Here in the UK we have the National Health Service (NHS) paid for by taxes that means that treatment is free, something we are extremely lucky to have. So when I have top surgery it will be on the NHS and thus free for me, however it is still possible to going privately which is the same quality service but normally quicker but at a cost. The same will be true for bottom surgery, so for me the question of money is THANKFULLY not an issue. Things I need to consider are if I want to be able to pee standing up, penetrate during sex and generally have a penis. I discussed the topic at length with my wife, obliviously the final decision would have to be my own as my wife and I could separate and I would have to live with the decision I had made. At this point in time I have decided that bottom surgery, forearm Phalloplasty, is something I do want to have, there is the chance that, that could change but at the moment I don’t see that happening.

 

-Honest Trans Guy 

Testosterone – pros and cons of different forms (Jan 24th 2017)

Testosterone, in the UK, comes in several forms injections, gel/creams. There is also patches, oral and pellet forms however these don’t seem to be used in the UK.

When I first went on testosterone in March 2016 I was put on testogel, which is a gel form of testosterone. It comes in little packets, similar to sauce packets, testogel is applied daily; it is applied as a thin layer onto a person’s stomach, shoulders or thighs. It is applied and then the person has to leave to dry, normally 5-10 minutes before putting clothes on. Testogel should not come into skin contact with a cisgender female or with children.

For the first month I had to put on half a packet a day, then from month 2 till month 4 I put on a full packet as day. After this time I had a return appointment with my gender clinic my doctor felt my testosterone level was slightly too high so I was put onto a routine of full packet one day then half packet the next day and repeated – this went on until Dec 2016 when I swapped from gel form to injections.

As with all forms of testosterone there are pros and cons.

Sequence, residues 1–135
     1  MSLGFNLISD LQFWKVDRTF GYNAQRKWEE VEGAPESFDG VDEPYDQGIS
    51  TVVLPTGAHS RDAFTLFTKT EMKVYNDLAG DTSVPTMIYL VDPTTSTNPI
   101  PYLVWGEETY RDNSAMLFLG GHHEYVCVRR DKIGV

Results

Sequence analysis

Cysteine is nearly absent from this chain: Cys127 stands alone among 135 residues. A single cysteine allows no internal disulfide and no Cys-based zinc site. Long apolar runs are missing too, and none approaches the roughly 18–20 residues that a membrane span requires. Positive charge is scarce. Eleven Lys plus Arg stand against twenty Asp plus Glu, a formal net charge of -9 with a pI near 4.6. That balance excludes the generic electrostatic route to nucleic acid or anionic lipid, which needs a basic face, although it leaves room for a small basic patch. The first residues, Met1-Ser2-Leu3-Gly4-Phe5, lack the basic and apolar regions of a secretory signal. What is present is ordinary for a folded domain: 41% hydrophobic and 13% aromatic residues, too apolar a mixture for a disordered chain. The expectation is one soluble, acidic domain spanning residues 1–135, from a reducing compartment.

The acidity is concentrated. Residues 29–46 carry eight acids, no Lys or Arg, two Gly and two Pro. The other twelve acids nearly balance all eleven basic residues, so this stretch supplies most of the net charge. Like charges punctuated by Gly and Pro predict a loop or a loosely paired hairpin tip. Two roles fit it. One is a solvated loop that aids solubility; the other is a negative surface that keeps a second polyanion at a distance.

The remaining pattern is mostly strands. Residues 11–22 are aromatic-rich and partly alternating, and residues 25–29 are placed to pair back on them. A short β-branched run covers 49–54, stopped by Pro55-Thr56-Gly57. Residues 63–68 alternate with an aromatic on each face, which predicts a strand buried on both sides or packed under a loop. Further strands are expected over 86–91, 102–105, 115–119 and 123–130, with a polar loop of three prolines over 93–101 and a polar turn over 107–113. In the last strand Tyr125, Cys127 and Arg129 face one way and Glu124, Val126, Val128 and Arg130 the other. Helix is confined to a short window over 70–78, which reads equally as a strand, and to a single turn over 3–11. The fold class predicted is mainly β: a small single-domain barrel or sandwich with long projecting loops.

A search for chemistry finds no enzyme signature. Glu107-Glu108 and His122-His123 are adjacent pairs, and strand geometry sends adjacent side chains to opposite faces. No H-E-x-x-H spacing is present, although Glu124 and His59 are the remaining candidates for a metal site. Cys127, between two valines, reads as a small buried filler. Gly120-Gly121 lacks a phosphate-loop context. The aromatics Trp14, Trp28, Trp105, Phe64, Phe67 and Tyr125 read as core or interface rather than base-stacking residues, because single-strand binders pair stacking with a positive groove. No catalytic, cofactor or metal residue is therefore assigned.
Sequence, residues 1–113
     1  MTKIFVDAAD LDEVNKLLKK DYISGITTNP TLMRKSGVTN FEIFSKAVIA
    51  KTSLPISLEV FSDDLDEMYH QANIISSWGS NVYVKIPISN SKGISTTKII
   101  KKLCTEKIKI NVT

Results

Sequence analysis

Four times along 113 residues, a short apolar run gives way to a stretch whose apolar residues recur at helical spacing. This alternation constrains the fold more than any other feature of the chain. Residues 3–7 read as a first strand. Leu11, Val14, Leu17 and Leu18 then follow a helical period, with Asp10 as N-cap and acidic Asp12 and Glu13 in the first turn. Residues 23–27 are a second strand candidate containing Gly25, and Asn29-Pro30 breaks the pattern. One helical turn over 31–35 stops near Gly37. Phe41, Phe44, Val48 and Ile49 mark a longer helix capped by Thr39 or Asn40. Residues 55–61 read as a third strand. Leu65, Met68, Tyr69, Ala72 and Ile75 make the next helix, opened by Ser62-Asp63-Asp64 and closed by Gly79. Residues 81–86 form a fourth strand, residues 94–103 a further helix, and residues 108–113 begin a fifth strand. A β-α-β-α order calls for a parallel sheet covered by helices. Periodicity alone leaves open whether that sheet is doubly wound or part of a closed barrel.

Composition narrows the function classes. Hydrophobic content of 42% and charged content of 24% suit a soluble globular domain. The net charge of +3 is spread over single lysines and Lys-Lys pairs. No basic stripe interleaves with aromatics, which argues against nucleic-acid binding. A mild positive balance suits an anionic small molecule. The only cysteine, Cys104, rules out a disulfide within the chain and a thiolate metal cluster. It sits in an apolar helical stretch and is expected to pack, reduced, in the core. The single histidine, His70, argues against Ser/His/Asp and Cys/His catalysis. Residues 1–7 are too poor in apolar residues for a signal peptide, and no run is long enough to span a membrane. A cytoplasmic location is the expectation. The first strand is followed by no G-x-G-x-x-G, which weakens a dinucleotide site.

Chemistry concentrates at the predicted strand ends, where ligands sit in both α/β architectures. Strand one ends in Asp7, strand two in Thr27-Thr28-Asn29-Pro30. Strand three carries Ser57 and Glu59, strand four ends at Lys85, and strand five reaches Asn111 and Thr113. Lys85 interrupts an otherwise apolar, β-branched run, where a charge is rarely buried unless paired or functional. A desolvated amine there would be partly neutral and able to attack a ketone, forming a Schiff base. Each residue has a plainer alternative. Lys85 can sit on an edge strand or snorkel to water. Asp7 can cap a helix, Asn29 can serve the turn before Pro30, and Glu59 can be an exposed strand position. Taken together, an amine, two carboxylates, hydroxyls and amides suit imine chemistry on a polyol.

-Injections (commonly in the UK Nebido and Sustanon) are the most common way of getting testosterone. Nebido is injected by a nurse, as it is a thick needle, into the top of the buttocks every three months. Sustanon is normally injected every 2-3 week into the thigh and can be done at home.

-Gel/cream (commonly in the UK Testogel and Testim). As described above tesogel comes in packets and is normally one full packet as day. Testim comes in a pump, like soap, and is normally one or two pumps a day. Daily applications can help give a steady level rather than the up and down that comes with injections.

All of these are available through the NHS or privately. Through NHS each cost the same as a normal prescription (£8.40 per item) that would make testogel and testim a cost of roughly £8.40 per month. Sustanon a cost of roughly £16.80 and Nebido a cost of £8.40 every 12 weeks.

I have found that whilst gel could have been better for regulating my mood, applying it daily was difficult and a three monthly injection is a better fit with my life.

-Honest Trans Guy

Sexuality and Being Perceive as gay. (Jan 13th 2017)

Coming out as transgender at 21 meant that I had already lived all that time as a cisgender female, being raised as a female and following stereotypes that the world puts on females. That means that I have many of the mannerisms associated with females, I use my hands when I talk, I find little animals cute etc. This means since coming out and starting to pass more and be seen as a cisgender male by most strangers now, those mannerisms mean people perceive me as gay. This Perception doesn’t bother me, I don’t see being gay as a negative thing and I am happy enough for people to assume whatever they want.
I have been told multiple times that I come across as gay, or that I should act differently because I could be perceived as gay. That to me is stupid, is isn’t an insult to be assumed as gay so why should I go out of my way to make sure everyone knows I’m not, it’s ridiculous. I am secure in my sexuality, I make no secret of the fact that I am happily married and that is enough for me.